Wednesday, March 26, 2008
Bear Stearns Bailout Illustrates Klein Thesis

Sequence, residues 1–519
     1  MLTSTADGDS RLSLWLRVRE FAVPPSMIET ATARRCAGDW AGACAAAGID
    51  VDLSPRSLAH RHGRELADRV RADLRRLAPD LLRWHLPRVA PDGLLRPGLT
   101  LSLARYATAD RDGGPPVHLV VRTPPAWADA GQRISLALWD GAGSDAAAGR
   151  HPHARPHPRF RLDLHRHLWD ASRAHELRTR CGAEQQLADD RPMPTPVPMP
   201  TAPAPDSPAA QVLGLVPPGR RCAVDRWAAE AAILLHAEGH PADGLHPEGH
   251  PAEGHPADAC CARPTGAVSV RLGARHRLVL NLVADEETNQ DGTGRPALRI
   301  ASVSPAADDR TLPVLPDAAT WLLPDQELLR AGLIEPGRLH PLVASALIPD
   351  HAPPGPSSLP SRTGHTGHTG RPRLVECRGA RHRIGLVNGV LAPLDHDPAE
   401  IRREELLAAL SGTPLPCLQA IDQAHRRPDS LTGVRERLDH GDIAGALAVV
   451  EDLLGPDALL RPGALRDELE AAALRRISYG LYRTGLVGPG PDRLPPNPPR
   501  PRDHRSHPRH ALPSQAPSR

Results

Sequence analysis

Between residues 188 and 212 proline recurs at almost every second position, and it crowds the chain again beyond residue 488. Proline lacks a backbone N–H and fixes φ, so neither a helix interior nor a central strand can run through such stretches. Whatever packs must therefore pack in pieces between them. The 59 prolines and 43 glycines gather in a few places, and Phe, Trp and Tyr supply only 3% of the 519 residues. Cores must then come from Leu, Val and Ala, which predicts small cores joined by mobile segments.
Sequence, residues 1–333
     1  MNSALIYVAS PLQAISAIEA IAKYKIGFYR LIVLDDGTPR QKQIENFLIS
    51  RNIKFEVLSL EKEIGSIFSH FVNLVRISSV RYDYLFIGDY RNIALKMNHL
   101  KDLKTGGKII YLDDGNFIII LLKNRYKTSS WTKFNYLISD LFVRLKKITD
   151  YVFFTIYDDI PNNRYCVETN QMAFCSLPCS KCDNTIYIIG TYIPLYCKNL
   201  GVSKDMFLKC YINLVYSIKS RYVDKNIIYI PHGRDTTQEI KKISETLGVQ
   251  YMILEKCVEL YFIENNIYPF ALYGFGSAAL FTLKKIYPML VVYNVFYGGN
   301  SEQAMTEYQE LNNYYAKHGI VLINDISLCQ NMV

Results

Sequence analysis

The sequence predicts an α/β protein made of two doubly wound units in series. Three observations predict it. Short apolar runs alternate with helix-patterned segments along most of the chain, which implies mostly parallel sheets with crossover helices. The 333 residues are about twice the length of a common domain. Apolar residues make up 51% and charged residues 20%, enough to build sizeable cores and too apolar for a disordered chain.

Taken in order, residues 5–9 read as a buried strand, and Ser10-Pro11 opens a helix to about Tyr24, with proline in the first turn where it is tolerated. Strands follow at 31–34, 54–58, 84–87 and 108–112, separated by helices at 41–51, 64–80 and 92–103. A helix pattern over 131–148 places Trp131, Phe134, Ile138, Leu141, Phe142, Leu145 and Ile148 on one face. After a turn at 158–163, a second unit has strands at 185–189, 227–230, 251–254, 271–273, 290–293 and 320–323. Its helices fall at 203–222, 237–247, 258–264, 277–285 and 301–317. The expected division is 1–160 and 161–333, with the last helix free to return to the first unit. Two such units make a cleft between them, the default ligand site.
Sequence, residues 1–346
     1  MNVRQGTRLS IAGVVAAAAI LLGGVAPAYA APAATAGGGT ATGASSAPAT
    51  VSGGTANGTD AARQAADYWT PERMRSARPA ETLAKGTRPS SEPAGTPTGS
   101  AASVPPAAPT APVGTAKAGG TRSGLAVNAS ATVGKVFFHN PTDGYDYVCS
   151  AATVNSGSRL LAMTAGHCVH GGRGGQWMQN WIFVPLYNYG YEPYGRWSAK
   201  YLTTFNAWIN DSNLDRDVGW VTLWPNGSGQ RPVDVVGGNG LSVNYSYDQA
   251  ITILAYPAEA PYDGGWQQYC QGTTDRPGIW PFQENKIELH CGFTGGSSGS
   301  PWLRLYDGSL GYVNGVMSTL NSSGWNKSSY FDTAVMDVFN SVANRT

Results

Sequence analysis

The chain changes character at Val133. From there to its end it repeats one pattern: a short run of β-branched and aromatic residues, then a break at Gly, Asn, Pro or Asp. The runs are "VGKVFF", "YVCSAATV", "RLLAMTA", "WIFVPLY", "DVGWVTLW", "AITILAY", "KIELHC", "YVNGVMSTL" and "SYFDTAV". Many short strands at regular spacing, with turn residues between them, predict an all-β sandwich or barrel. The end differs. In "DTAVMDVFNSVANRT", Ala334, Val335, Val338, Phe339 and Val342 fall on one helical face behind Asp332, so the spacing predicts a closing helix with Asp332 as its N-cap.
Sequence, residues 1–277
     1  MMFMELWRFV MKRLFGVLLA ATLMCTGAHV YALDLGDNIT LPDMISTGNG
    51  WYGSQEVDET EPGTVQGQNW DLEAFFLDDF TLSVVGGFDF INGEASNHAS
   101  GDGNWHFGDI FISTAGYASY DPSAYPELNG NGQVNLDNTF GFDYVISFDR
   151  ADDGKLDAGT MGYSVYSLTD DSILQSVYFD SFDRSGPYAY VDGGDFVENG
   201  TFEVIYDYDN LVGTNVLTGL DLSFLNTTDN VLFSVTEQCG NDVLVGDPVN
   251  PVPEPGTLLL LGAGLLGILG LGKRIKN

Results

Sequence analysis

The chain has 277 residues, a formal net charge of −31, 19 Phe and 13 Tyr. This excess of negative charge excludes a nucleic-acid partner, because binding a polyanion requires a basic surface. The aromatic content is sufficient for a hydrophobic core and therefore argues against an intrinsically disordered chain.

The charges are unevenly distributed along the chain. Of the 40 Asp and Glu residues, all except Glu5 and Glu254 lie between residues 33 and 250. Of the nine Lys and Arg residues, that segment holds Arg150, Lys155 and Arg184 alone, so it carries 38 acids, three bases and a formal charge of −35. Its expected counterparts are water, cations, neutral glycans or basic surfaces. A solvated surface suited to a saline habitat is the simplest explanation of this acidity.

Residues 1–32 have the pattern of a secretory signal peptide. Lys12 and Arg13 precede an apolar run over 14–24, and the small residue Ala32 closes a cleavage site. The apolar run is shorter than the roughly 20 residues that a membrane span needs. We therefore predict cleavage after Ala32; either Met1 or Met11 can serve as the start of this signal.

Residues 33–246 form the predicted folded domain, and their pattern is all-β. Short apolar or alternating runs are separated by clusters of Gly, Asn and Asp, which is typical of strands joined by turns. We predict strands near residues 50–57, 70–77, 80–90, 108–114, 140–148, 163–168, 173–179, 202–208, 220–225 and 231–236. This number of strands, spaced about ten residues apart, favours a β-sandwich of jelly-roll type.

In The Shock Doctrine Naomi Klein states (p. 140): "[I]f an economic crisis hits and is severe enough--a currency meltdown, a market crash, a major recession--it blows everything else out of the water, and leaders are liberated to do whatever is necessary (or said to be necessary) in the name of responding to a national emergency. Crises are, in a way, democracy-free zones--gaps in politics as usual when the need for consent and consensus do not seem to apply." In today's New York Times, Andrew R. Sorkin writes (p. C10): " [T]he Fed's fingerprints were all over the new pact [by means of which JPMorgan would acquire Bear Stearns for $10 per share rather than the originally announced price of $2 per share]. In an action almost unprecedented in takeover history, JPMorgan bought 39.5 percent of Bear on the spot to ensure that it would have close to a majority of the [shareholder] votes to approve the deal. That agreement completely disregards New York Stock Exchange rules that prevent anyone from buying more than 20 percent of a company without a shareholder vote. Other parts of the new agreement either stretch the rules or disregard years of precedent in Delaware, where both banks are incorporated. Of course, all this rule-bending was done with the tacit, if not outright, approval of the federal government."